IWSG: Ask PZM, repost – Providing Reviews

It’s that the first Wednesday of the month, which means it’s Insecure Writer’s Support Group Wednesday. Thanks to our noble Ninja Captain Alex J Cavanaugh, it’s time to share our fears and insecurities, or support and assistance. Doesn’t matter which.

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Alex’s wonderful co-hosts for November 4 posting of IWSG will be: Stephen Tremp, Karen Walker, Denise Covey, and Tyrean Martinson! 

A S K  P Z M

repost from August 2010

Q:  Should I take the time to do reviews of other people’s books on Amazon?

Absolutely! You’re a book author – and people on Amazon who are looking at other authors’ books are presumably book buyers. And the best books to review are probably ones similar to yours.

The more reviews you write the more you will be getting your name in front of book buyers. And even if your book isn’t yet published, you want book buyers to know about you.

Anyone who has ever bought anything on Amazon (and thus has an Amazon account) can post a review. The review itself doesn’t have to be very long (I personally think less is more) although it should provide helpful information rather than only saying something such as “great book.”

How does this get your name in front of readers?

First, here is Amazon’s explanation for your public name on Amazon:

“Your Public Name is the public name you associate with contributions to the Amazon Community, such as Customer Reviews, Discussion Posts or Seller Feedback.

“You’re asked to pick a Public Name the very first time you participate in the community and you can always change it later on your public profile page by selecting Your Public Name & Info from the Profile page settings dropdown menu. Your Public Name appears next to any Customer Reviews, Customer Images, Seller Feedback or Customer Discussions posted by you. You have the option of using your real-world name or a pseudonym”

Thus you can choose which name to appear above your reviews. (I actually dislike that Amazon allows people to hide their identity, but this does work for authors who use pseudonyms.) Obviously you want to use your author name for reviewing books in genres related to the books you write.

Using me as an example, when I sign into my Amazon account (which I separated from my husband’s account when I started self-publishing on Amazon), I see at the top lefthand side of the screen “Phyllis’s Amazon.com”

I click on that and then choose “Your Profile” in the navigation links that appear below. Then I see my profile page, which has my Amazon public activities including links to all my reviews on Amazon.

Your public name automatically appears at the top of the reviews you write. You can also manually put your name and something brief such as the name of one of your books at the end of the review.

Anyone reading a review by you can click on your name at the top and go to your public profile that also includes an email address and a website link as well as a description of you in the “About” section where you can talk about being an author.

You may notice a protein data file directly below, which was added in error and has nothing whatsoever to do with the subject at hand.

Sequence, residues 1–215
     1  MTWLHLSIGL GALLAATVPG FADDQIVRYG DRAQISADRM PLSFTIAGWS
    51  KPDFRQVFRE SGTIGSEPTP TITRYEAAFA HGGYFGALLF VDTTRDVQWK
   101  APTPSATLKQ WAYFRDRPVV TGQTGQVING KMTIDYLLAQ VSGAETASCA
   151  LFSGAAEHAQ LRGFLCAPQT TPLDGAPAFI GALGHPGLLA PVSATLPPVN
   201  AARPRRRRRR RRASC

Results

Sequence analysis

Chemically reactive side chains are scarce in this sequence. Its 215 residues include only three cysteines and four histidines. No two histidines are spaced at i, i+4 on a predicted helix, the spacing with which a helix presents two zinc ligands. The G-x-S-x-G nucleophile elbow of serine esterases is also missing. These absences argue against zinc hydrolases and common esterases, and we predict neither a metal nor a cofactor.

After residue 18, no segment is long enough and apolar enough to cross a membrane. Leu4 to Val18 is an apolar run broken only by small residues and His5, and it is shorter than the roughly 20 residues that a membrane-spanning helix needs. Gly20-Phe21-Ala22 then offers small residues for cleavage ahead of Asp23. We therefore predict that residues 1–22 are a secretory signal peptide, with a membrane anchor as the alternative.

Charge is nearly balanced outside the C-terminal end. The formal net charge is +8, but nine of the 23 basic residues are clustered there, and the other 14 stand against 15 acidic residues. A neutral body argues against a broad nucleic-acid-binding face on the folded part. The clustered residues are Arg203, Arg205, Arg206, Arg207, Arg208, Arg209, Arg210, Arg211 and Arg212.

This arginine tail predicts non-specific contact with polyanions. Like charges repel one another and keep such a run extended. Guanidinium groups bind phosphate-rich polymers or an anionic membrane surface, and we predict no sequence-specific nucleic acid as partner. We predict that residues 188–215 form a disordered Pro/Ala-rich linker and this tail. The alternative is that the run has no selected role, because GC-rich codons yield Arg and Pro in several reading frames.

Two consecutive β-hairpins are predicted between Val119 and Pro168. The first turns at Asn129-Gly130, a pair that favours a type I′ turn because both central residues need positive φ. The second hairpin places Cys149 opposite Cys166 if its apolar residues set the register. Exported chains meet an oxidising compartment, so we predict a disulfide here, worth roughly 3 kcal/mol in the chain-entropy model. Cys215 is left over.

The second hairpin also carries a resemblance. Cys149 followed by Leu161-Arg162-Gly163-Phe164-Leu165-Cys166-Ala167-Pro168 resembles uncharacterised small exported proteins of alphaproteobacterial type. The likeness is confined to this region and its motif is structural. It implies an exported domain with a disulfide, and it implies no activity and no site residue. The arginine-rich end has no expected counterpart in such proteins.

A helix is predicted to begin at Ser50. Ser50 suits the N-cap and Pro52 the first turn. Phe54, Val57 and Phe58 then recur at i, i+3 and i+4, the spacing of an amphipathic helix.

And if you have not yet published any books, you can describe your upcoming book projects in the “About” section.

Note that an Amazon public profile has nothing to do with an Amazon author page.

My Amazon public profile:

My Amazon fiction author page:

Another way to get to your public profile – go to YOUR ACCOUNT (first dropdown link under YOUR ACCOUNT at top of righthand screen under your name), scroll down to PERSONALIZATION, in the COMMUNITY section click on YOUR PUBLIC PROFILE.

  1. And here are Amazon’s instructions for editing your profile: 
  2. Go to your Profile page. 
  3. Click Profile page settings on the drop-down menu. 
  4. Update your personal information by making changes to the Your Public Name & Information tab. 
  5. Click Save.

    One final word: I usually only write a book review when I can give a positive one. As I know how hard authors work to create their books, I am loath to write a negative review. I’d rather just not write a review. On the other hand, if there were a good reason for writing a negative review, such as if I found the material particularly offensive, I might then write a negative review to warn others of the offensive content.

    Bottom line: When you can write a good review about an author’s book that you have read, you should take the time to do the review to help that author as well as help get your name noticed!

    Phyllis Zimbler Miller is a fiction and nonfiction author who blogs on book-related topics at www.PhyllisZimblerMiller.com and her most recent Kindle ebook is a fantasy adventure story, ROAD TO ZANZICA, on Amazon at http://amzn.com/B015M48QOK/

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